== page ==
Important Note: !!!Tekkamaki is made with raw tuna. Use only sushi-grade tuna for this dish. Remember you are not cooking this fish and regular supermarket tuna is not necessarily safe to eat uncooked!!!

Karl’s Tekkamaki


1½ cups Japanese short grained rice (=about 4 cups cooked rice )

sushi su

¼ cup rice vinegar
2 Tbs. sugar
2 Tbs. mirin
1 Tbs. gari liquid
½ tsp. salt

4–8 oz. sashimi  grade raw fish, sliced
5-6 sheets of nori seaweed

Other items needed:

a hangiri: I use a shallow 9-12 inch ceramic casserole
a makisu: a mat woven of bamboo sticks and cotton string
a shamoji: a flat wooden paddle
a small bowl half filled with water
and a very sharp knife


1. Cook your rice by your preferred method.

Tip: I strongly recommend a rice steamer.

Note: You want to use slightly less water than you might usually do—by a tablespoon or two— overcooked rice makes for very bad sushi. You do not want your rice to be hard in the center, but you also do not want it soft and mushy.

2. Turn the rice out onto a wide lipped surface.

Tip: I use a shallow 9-12 inch ceramic casserole as my hangiri. Do not put oil on the pan!

Note: You may break up any large clumps of rice to help it cool more quickly, but the hot rice will break easily, so be very gentle.

3. While the rice is cooking put all of the sushi su ingredients into a measuring cup and microwave it for one minute.

Tip: You are not trying to cook the sauce, you only want the liquid warm enough so that the sugar dissolves completely. Cool the sauce completely before using.

Note: I tend to use less salt than many recipes I have read. Some recipes call for as much as a tablespoon of salt for this much rice.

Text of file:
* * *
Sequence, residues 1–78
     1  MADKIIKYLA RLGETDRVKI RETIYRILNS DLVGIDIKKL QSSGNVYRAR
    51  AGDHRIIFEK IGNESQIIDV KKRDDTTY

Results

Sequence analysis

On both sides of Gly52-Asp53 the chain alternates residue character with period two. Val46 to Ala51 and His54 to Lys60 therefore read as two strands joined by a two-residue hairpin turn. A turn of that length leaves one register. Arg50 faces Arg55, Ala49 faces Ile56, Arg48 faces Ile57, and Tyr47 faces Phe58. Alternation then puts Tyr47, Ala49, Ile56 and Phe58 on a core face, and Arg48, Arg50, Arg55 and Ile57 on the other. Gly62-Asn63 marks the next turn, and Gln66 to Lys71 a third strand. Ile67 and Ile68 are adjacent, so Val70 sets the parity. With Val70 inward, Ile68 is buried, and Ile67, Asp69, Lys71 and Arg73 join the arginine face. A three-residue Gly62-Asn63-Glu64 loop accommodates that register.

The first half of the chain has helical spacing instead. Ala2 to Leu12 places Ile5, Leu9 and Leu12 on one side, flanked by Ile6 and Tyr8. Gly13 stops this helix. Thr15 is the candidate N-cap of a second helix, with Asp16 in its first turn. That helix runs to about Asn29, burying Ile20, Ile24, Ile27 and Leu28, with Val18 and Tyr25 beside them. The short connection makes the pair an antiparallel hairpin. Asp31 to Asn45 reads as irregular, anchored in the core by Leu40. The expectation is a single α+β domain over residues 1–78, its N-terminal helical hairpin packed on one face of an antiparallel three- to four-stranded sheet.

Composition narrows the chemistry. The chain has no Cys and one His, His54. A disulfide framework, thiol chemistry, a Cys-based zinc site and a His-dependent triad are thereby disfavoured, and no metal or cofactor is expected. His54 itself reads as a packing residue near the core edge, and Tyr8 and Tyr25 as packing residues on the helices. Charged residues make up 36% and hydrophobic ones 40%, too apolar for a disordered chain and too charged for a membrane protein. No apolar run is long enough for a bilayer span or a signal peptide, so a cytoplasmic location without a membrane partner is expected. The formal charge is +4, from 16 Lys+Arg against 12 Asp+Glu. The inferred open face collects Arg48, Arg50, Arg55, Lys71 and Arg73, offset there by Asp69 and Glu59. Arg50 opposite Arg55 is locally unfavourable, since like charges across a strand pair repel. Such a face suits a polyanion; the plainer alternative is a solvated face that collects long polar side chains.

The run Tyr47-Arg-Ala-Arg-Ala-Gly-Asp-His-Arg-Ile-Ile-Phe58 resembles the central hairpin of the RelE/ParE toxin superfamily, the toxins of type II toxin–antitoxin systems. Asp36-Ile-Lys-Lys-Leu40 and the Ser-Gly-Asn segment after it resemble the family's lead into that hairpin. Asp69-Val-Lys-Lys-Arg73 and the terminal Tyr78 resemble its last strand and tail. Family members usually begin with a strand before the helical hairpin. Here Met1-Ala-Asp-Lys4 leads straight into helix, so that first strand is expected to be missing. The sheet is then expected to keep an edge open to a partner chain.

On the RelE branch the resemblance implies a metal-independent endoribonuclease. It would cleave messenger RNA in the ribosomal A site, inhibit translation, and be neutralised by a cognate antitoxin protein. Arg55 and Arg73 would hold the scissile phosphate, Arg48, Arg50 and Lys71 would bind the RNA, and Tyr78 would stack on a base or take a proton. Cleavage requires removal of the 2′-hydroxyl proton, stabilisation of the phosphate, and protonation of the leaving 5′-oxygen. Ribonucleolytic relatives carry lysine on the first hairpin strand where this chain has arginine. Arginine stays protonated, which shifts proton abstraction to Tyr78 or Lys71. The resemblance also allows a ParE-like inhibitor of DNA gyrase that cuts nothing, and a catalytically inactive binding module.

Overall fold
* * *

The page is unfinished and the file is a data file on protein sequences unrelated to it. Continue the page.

4. Sprinkle the sushi su over the rice and gently “fluff” and “feather” it with a wooden spoon or spatula.

Tip: The cold moistened rice will come separate easily into individual grains—Fluffing means to “Lift and separate.” Feathering is a light cutting motion to separate individual grains of rice. Do not use any mashing or hard stirring motions.

Note: If you want to be very traditional, get a Japanese uchiwa fan to waft a breeze across the rice to dry the sushi su more quickly. The Japanese say it give the rice its proper glossy surface.

5. Slice the tuna into bars.

Tip: Guesstimate about how many rolls of tekkamaki you will make and how much tuna you have for each roll. Lots of tuna—thick bars—not so much tuna—thin bars.

Note: You will be cutting the tuna up—across the grain of the flakes—into bars. Depending on the shape and length of your piece of fish, it will take between 1 and 2 bars of sashimi to reach all the way across the width of the nori.

6. Toast your nori.

7. When you have all of your ingredients ready, arrange your rolling station.

Tip: On the left side place your bowl of sushi rice. In the center have a clean flat surface for your rolling mat. Above the mat, place a bow of water and a plate with your toasted nori. on the right hand side place your filling(s)—in this case just your tuna. Also, have a very sharp knife ready to hand.

8. Place a sheet of nori on the rolling mat.

Tip: You want the rough side up and the wider edge toward you.

9. Wet your fingers and place about ¾ of a cup of rice on the lower half of the nori.

10. Work the rice across the lower ⅝ of the sheet of nori.